Wonder Woman: a feminist superhero.

Wonder Woman: a feminist superhero. Photo: Philippa Hawker

A party for a five year old girl. Nine fairies with wings, frills and sparkly wands. Pink, white, pink, lilac, pink. And one more princess, my daughter: in blue skirt with white stars, red tank-top, gold headband and bright red boots. Yes: Wonder Woman amongst the gentle kings' daughters and magical sprites.

This is not a rant against pink. And I have no problem with fairies, even if the modern Disney versions have lost their ancient ambiguity (Some fairies were said to crash parties, cause death by dancing, or seduce men into drowning). While kids' gendered play might have consequences for their adult life, the cause and effect is by no means clear.

My point here is to celebrate superheroes like Wonder Woman, who provide my daughter with a richer fantasy world than tiaras and tea parties can alone.

Lynda Carter, statuesque, wasp-waisted, commanding, brought a signature style to the role of  Wonder Woman.

Lynda Carter, statuesque, wasp-waisted, commanding, brought a signature style to the role of Wonder Woman.

Wonder Woman was invented by William Mouton Marston in the early '40s, with help from his wife, Elizabeth. Like her husband, Elizabeth was a psychologist, and the two collaborated on the invention of the first modern lie detector. The couple lived in a polyamorous relationship with Olive Byrne. It was Elizabeth who suggested William's character be a woman, and Wonder Woman was reportedly based on both Elizabeth and Olive. In short: Wonder Woman's literary parents were feminists.

Alongside some dodgy ideas - women having "almost a monopoly on pure submissive emotion," for example - William Marston's basic vision was emancipatory. Wonder Woman combated evil, not by killing or horrifying, but by encouraging honesty and love. "Wonder Woman binds the victims again in love chains," he wrote, "she makes them submit to a loving superior, a beneficent mistress or master." She was as strong as Superman, of course, and punched like a heavyweight. But Diana of Themyscira (as Wonder Woman is also known) also knew gentleness and care, and inspired devotion. She was neither a stereotypical strongman nor helpless maiden, but a feminist amalgam of muscle, morality and mind.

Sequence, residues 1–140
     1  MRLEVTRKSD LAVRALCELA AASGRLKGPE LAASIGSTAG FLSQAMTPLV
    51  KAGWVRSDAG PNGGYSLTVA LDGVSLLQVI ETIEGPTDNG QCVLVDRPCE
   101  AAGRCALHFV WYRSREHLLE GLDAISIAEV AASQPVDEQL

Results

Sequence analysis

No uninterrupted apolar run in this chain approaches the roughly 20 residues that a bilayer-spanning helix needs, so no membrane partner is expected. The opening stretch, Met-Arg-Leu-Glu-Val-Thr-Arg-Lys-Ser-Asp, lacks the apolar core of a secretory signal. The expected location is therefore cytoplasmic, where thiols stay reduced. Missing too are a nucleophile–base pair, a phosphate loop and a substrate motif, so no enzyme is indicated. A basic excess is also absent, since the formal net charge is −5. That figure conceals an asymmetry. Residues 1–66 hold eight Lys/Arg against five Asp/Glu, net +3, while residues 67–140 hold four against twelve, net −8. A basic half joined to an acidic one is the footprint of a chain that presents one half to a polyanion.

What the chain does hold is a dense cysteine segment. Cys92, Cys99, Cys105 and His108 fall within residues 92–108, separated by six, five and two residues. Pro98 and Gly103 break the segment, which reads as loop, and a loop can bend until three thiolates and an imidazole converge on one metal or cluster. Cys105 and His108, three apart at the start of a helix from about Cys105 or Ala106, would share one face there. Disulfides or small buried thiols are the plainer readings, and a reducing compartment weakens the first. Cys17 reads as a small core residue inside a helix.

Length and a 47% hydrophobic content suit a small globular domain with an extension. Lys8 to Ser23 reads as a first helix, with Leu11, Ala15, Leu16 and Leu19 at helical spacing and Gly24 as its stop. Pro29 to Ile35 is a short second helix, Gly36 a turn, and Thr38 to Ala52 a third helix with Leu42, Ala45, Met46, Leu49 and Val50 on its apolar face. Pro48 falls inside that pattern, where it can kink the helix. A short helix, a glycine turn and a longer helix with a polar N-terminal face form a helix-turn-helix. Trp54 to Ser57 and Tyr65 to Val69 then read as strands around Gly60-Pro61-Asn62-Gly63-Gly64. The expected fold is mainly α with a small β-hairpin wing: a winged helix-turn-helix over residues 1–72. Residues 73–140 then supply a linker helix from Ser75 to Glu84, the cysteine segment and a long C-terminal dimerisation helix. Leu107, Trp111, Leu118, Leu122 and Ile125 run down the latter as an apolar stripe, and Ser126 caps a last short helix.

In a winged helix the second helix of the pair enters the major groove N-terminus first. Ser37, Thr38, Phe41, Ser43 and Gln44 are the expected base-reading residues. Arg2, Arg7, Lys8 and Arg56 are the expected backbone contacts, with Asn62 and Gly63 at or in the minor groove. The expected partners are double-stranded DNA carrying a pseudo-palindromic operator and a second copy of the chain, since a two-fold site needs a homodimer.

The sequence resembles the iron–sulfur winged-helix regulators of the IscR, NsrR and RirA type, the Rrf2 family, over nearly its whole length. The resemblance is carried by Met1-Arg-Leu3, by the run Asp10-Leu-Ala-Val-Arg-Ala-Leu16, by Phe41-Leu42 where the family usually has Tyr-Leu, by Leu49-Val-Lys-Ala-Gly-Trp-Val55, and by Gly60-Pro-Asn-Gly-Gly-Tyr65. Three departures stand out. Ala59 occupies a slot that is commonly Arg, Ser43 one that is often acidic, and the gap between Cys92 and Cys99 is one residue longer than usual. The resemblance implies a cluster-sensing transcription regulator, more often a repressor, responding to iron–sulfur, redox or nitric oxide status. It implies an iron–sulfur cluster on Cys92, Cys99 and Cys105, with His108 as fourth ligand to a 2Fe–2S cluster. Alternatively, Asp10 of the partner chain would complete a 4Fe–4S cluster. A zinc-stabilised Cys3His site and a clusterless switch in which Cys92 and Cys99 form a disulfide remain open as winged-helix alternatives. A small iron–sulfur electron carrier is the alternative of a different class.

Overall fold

Wonder Woman was not without problems, of course. Diana was often drawn by men for men, which does shed some light on her odd uniform choices over the years and early penchant for bondage. After the Second World War, when women were shoved out of the factories and back into the kitchen, Wonder Woman too was domesticated by DC comics: more romantic starlet, fawning over her beau, than action hero. Recent stories have dulled her distinctiveness. My daughter and I will talk about this, too.

Damon Young.

Damon Young.

But for the most part, the Amazon has been a rare pop culture feminist. This is why Gloria Steinem put her on the cover of the first stand-alone Ms. magazine in 1972. "It's been many years since I was a child," Steinem said recently, "but I still always buy two bracelets." Diana has provided generations with a symbol, not only of modern women, but also of humanity more generally: independence without egotistic brutality, kindness without mawkish humility.

In stories like Greg Rucka's Hiketeia or Christopher Moeller's JLA: A League of One, Wonder Woman is tough, intelligent and righteous, but also wary of intimacy, often lonely, and ambivalent about freedom. She boldly contains multitudes.

Which brings me back to my daughter, striking a pose in her home-made Wonder Woman costume, or asleep with Wonder Woman Chronicles on her pillow. I will not vilify her frou-frou pink tulle. But I will introduce her, with heroes like Diana, to less stereotypically 'feminine' virtues: physical strength and martial courage, emotional autonomy, and a concern for public life.

Damon Young's daughter in her Wonder Woman costume.

Damon Young's daughter in her Wonder Woman costume.

The point is not to make my daughter a feminist, as if character were a mechanical production. The point is to give my parental consent to her independence in the present, so that she no longer needs my consent in the future. Comics will not do this alone - raising many-sided kids is a many-sided job. But insofar as we must imagine; insofar as fantasy can goad existential growth; insofar as play is also serious - I want my daughter to do so ambitiously.

Damon Young is a philosopher and author. His essay on comic book superheroes, "Illustrating Ethical Dilemmas", will appear in the winter Meanjin.